Waste of talent
November 14tth, 2011
We all know that public services are being stretched as budgets are squeezed and the challenge becomes about doing more with less.
But for many of us, we don’t see the important and frantic work going on behind the scenes to paper over the cracks.
And there is a human cost as well as people make the best of a bad situation and talent is wasted.
That’s the newly-qualified teachers who rather than giving up their dream of a full-time job in a school because of the lack of opportunities, get dressed for work every morning and wait by the phone for a supply job.
That’s the freshly-trained midwives and nurses who go down south or even abroad to put their skills to use because Scottish hospitals don’t have a place for them.
That’s the police officers forced to do more paper work because of the cuts to support staff, taking off the streets where they can catch criminals.
And it is junior doctors who bend the rules to meet the demands of the job by lying about their compliance with European Working Time Directive that are supposed to cap their working week to 48 hours.
That was the bombshell that emerged this week, with our own Inverclyde Royal Hospital among the most pressed in Scotland.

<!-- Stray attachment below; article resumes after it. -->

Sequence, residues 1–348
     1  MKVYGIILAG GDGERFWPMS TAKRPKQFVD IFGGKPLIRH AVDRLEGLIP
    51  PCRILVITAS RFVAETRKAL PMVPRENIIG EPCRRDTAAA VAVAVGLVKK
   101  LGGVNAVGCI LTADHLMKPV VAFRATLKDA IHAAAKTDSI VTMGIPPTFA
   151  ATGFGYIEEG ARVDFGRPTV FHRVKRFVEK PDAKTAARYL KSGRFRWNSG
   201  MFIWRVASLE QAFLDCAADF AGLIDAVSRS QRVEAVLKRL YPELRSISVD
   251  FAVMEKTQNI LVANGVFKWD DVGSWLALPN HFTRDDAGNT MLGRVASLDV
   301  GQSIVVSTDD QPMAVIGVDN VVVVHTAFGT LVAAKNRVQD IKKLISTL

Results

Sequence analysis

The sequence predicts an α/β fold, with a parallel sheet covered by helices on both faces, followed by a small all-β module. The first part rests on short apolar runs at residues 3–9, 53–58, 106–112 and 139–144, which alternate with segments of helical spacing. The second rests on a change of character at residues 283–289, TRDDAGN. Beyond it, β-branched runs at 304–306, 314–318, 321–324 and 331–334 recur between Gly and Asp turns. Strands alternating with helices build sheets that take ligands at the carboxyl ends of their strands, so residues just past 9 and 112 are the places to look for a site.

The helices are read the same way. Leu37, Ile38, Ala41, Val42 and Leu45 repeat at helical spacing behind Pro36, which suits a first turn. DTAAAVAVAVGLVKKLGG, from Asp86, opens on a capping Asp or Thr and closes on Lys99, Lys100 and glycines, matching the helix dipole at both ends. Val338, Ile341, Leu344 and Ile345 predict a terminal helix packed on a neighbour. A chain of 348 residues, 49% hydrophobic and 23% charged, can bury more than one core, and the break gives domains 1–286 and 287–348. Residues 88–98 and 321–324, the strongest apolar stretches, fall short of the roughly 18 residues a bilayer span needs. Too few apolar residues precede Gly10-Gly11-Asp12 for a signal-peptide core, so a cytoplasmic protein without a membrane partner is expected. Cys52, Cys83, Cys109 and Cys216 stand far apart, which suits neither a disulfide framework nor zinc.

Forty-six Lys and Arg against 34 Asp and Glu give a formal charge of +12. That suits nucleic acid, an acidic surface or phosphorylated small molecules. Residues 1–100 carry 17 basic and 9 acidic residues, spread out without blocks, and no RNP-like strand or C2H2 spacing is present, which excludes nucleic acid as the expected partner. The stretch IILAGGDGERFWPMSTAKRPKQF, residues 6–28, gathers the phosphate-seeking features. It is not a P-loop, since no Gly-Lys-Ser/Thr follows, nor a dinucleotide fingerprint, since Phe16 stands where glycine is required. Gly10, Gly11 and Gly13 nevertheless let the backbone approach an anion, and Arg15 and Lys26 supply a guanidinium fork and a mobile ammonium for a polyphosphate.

It seems inevitable to me that there will be a high price to pay for overstretched workers saddled with stress, vulnerability to sickness and low morale and motivation.
And the consequences impact on us all as services that we all rely on suffer.
It is clear that the Scottish Government face major challenges in trying to deal with falling budgets at a time of such high demand.
A good starting point would be admitting there is a problem, something the First Minister failed to acknowledge when I quizzed him about the junior doctor situation in Inverclyde.
His complacent message that everything in the garden is rosy will not be appreciated by those doctors, nurses, teachers and police officers who see different every day at work.